In addition to official data, information is leaking out about the intensification of cooperation on other fronts as well. Thus, the U.S. media, citing Israeli intelligence, reported that Iran and Russia are negotiating the training of Iranian sailors and the production of warships in Russia. Previously, Iran had asked China for help with shipbuilding, but Beijing hesitated. The current relationship between Moscow and Tehran is conducive to the widest cooperation, so the chances of this project being realized are great. Incidentally, Admiral Tangsiri, commander of the IRGC naval forces, recently stated that “the United States cannot even imagine what kind of missiles Iran already has.” He added that Iran is the only one with small boats no more than 8 meters long equipped with missiles. This is a reflection of the “swarm strategy” adopted by Iran some fifteen years ago to use small and mobile vessels as well as drones against bulky and large enemy ships. Potential targets for Iran are U.S. aircraft carriers and destroyers in the Persian Gulf.
As for the assessment of a special military operation in Ukraine, Iranians differ in their opinions. And this is due to the lack of awareness of the background of the events that unfolded in Ukraine after the coup d’etat in 2014—although there is a common understanding of the aggressive role of the United States and NATO.
I had a discussion with representatives of scientific, intellectual, and ideological circles in Iran about the Ukrainian conflict. I tried to explain to them the background of the war in Ukraine with a historical and metaphysical context. And when there was a follow-up question as to why this war is not only just for the Russians, but also holy, since Russia does not defend itself as it did in 1812 and 1941, I had to make an additional excursus, for which my interlocutors expressed their gratitude.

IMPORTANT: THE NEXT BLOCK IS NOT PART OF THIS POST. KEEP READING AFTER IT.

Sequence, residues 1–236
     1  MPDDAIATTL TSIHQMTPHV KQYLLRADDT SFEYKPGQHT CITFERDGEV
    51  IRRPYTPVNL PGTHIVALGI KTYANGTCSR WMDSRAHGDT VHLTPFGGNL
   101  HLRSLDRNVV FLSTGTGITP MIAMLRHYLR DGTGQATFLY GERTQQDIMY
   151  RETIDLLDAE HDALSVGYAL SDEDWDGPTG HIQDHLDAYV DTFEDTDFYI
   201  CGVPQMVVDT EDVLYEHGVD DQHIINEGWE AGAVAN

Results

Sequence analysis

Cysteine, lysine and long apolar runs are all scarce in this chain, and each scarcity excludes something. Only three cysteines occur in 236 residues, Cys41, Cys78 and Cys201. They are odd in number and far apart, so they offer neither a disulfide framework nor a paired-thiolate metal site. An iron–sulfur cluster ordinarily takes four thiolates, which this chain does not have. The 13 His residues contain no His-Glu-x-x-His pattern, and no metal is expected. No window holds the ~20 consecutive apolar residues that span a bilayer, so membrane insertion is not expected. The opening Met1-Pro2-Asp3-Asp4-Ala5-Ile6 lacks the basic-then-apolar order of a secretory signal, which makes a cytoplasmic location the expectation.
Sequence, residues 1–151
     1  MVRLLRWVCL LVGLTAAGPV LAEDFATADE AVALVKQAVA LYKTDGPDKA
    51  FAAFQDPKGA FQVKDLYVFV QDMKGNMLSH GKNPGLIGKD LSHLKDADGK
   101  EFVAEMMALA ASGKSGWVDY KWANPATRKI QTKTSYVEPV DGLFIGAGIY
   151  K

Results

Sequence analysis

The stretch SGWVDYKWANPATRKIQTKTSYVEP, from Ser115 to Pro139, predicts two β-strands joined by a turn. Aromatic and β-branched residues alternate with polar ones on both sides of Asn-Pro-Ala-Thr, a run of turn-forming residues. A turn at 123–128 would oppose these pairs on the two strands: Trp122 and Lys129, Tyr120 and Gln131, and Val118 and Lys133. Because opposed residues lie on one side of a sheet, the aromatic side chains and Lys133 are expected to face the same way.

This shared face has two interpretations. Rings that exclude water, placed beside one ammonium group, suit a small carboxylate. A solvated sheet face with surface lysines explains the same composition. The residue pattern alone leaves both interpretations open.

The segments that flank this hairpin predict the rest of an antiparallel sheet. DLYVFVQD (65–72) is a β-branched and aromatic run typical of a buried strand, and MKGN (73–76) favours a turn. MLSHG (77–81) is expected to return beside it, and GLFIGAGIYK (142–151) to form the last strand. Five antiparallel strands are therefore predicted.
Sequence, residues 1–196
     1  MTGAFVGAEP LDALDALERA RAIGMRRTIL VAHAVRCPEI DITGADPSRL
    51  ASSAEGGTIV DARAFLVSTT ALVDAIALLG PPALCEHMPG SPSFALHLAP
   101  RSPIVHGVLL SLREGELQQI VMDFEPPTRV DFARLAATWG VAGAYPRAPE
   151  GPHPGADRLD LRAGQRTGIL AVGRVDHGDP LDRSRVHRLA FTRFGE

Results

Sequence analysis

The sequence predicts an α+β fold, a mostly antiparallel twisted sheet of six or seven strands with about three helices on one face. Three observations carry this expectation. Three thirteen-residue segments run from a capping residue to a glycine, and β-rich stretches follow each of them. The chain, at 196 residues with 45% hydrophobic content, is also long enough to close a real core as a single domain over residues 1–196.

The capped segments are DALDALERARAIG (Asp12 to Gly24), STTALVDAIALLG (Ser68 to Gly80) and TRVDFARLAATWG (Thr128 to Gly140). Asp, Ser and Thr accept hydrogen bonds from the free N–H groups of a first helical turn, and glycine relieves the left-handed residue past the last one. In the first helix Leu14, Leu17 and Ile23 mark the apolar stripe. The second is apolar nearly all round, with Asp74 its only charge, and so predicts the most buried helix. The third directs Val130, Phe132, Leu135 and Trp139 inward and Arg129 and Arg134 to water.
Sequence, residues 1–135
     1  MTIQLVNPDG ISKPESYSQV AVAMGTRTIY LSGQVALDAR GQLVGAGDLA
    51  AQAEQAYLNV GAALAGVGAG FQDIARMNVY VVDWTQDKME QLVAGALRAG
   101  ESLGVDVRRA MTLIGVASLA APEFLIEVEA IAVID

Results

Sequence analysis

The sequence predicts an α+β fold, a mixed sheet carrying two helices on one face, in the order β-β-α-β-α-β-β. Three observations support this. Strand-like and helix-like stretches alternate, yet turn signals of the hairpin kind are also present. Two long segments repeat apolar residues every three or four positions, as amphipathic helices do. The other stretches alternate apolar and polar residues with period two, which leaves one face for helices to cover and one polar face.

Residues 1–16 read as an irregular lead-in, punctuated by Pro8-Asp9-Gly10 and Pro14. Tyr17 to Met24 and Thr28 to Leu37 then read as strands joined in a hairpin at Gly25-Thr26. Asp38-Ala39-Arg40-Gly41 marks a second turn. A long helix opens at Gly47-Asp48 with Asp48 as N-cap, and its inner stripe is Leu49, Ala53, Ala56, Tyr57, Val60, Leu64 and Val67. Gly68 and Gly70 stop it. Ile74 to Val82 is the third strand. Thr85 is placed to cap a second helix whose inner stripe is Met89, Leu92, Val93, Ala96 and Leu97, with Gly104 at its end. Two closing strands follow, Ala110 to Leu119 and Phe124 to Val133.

The fact is that holy war is translated as jihad, and in this context, for Muslims, their own understanding immediately emerges. First, there are differences between Shiite and Sunni fiqh (religious law). Second, there are also differences between classical and modern Shiite fiqh. But there are also common grounds, for example, in Shi’a and Sunni jihad is also a religious obligation (along with prayer, fasting, hajj, and charity). However, the Shiites have an important caveat that the imam must be of good moral character; without this, jihad would be illegitimate. Both Sunni and Shiite jihad is both defensive and offensive in nature. However, modern Shiite theologians such as Ayatollah Mortada Motahhari and Ayatollah Salehi Najafabadi interpret the ayats to mean that jihad can only be defensive in nature, since we are now in the era of the hidden Imam. But there are reservations here as well. For example, Ayatollah Khomeini pointed out that in addition to the prerogative of the Vilayati Fatih (guardian-type sovereignty held by the supreme leader of Iran for the duration of the hidden Imam), other theologians can also give the right to conduct offensive jihad. But Ayatollah Golpaigani of Qom Seminary argued that offensive jihad is the exclusive prerogative of the impeccable Imam and his authorized representative.
While contemporary Shi’a interpretations of offensive jihad differ, the opinion on defensive jihad is unanimous. Here the permission of the irreproachable Imam is not needed, and it represents a response to an enemy attack against Muslims with the intention of seizing their property and subjugating their lives. In such a case, the obligation to wage defensive jihad falls on all who can fight, regardless of gender or age. This is the context in which the Iranians interpret the special military operation in Ukraine.
With these aspects in mind, we need to have a carefully constructed system of arguments to polemicize with those forces in the Muslim world who promote the thesis that “Russia is not waging a defensive war” and question the justice of its actions. Therefore, we need more explanatory work in this direction—as well as strengthening cooperation in information exchange and jointly countering disinformation and hybrid operations of the West against our countries. And, of course, the Iranian experience of economic development under harsh sanctions will also be useful.